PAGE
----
The former CEO of a Texas hospital faces up to five years in prison for his role in a lab billing scheme that defrauded private insurers, the U.S. Attorney’s Office for the Northern District of Texas said March 11. Harris Brooks, who was CEO of Palo Pinto General Hospital, allowed the hospital’s national provider identification number to be used to bill private insurers for lab work that wasn’t performed on hospital patients or at the hospital.
It’s rare to see fraud against commercial payers pursued by the Department of Justice (DOJ) without a whiff of federal health care programs in the court papers, attorneys say. DOJ stepped in this time to prosecute a so-called pass-through billing scheme, which until now has been litigated in private lawsuits. Brooks pleaded guilty to defrauding Blue Cross and Blue Shield of Texas, CIGNA Texas and UnitedHealthcare out of $9 million in eight months, from September 2017 through June 2018, according to the stipulation of facts in the “factual resume” and other court papers.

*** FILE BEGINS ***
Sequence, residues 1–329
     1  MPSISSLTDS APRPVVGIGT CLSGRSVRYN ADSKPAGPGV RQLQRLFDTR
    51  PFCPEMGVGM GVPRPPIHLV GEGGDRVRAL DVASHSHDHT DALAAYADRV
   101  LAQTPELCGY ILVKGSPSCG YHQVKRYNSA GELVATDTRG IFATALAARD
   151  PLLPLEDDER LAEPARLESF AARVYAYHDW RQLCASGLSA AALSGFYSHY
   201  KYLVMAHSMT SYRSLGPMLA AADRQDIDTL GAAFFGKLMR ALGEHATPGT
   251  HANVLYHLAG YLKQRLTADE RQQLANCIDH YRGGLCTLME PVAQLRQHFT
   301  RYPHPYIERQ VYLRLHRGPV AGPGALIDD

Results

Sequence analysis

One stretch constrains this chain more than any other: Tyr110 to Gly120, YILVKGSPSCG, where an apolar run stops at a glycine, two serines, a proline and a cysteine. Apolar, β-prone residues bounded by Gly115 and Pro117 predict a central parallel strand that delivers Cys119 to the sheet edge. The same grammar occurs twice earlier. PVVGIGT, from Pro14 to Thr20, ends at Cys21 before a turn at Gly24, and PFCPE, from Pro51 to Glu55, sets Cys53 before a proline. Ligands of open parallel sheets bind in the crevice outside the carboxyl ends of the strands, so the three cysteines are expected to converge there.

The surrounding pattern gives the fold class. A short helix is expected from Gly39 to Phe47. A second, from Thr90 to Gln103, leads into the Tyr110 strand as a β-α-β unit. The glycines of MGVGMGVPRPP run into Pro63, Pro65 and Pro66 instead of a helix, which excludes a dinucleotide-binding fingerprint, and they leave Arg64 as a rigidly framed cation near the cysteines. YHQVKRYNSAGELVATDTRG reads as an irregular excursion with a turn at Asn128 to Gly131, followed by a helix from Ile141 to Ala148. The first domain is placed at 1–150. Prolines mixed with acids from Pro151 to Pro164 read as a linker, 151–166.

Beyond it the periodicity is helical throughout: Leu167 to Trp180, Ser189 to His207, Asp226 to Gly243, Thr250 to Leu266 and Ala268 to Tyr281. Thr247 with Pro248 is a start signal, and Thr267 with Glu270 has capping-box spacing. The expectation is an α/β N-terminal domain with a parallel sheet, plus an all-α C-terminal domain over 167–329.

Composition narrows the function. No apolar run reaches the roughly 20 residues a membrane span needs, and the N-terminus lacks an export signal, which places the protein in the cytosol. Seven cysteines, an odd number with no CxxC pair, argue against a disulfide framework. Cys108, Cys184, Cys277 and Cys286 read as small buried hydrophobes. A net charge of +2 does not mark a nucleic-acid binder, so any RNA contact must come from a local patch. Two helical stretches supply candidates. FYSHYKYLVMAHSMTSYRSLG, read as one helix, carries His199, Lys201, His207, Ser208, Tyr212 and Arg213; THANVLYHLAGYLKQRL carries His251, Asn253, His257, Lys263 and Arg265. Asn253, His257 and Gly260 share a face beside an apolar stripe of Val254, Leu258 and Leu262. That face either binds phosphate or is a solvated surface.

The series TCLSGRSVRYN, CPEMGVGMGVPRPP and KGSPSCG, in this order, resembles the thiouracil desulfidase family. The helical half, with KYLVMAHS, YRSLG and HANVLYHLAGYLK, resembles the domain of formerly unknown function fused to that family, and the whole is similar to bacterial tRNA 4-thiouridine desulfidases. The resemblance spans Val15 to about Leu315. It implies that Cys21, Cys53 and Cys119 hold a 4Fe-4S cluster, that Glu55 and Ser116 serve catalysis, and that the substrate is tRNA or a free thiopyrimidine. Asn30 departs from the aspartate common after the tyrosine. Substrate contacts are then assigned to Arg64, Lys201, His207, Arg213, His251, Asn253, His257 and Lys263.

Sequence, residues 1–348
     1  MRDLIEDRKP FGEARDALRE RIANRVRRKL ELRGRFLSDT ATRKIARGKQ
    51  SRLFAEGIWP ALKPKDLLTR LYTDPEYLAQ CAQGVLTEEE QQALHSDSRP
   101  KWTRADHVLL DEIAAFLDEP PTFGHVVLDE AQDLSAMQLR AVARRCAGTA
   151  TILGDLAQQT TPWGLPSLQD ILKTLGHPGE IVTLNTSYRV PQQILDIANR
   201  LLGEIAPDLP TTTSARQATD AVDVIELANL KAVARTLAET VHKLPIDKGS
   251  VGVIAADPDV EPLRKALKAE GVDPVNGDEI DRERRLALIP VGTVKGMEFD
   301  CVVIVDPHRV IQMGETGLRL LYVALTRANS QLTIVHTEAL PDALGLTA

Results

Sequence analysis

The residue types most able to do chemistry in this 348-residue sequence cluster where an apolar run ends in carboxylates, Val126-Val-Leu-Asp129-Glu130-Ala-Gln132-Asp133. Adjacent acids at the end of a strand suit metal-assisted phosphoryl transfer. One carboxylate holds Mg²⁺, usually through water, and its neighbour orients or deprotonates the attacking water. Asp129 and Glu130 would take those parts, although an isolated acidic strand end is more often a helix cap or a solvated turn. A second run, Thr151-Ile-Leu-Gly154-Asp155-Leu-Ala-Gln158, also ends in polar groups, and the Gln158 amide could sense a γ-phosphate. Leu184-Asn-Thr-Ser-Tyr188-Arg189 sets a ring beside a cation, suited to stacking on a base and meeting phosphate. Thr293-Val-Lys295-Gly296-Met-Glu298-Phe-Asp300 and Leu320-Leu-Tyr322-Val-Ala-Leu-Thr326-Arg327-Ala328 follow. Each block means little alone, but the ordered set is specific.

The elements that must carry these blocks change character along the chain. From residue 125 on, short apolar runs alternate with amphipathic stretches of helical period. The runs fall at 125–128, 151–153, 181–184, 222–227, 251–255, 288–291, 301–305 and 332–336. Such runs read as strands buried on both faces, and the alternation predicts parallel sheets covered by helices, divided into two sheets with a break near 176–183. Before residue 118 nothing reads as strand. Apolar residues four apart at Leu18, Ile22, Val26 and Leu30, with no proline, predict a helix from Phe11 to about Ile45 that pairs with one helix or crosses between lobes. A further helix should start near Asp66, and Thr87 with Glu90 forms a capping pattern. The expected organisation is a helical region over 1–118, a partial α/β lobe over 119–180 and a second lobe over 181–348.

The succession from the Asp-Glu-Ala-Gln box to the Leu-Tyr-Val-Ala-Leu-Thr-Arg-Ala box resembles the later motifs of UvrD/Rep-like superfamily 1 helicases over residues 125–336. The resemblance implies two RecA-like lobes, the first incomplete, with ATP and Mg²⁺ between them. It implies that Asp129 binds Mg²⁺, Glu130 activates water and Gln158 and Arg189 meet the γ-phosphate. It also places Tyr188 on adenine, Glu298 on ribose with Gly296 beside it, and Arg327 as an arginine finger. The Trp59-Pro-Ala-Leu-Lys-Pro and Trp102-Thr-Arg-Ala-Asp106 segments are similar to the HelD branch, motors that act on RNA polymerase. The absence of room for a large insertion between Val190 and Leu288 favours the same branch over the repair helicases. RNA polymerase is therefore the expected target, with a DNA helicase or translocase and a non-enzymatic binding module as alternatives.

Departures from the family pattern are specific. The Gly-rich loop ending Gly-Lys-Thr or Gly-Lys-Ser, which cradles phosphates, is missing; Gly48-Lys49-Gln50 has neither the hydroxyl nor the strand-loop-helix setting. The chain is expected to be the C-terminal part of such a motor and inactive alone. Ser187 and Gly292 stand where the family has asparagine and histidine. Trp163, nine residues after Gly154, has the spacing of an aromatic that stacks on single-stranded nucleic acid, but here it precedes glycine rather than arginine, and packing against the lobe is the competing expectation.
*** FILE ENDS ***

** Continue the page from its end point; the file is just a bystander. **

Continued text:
“What’s unique here is [prosecutors] are getting pretty comfortable criminally charging individuals for arrangements that are private under the federal health care fraud statute,” says attorney Nathan Fish, with Greenberg Traurig in Dallas, Texas. Usually some part of a case involves federal government programs because it’s hard to carve them out even when providers and suppliers try, he says.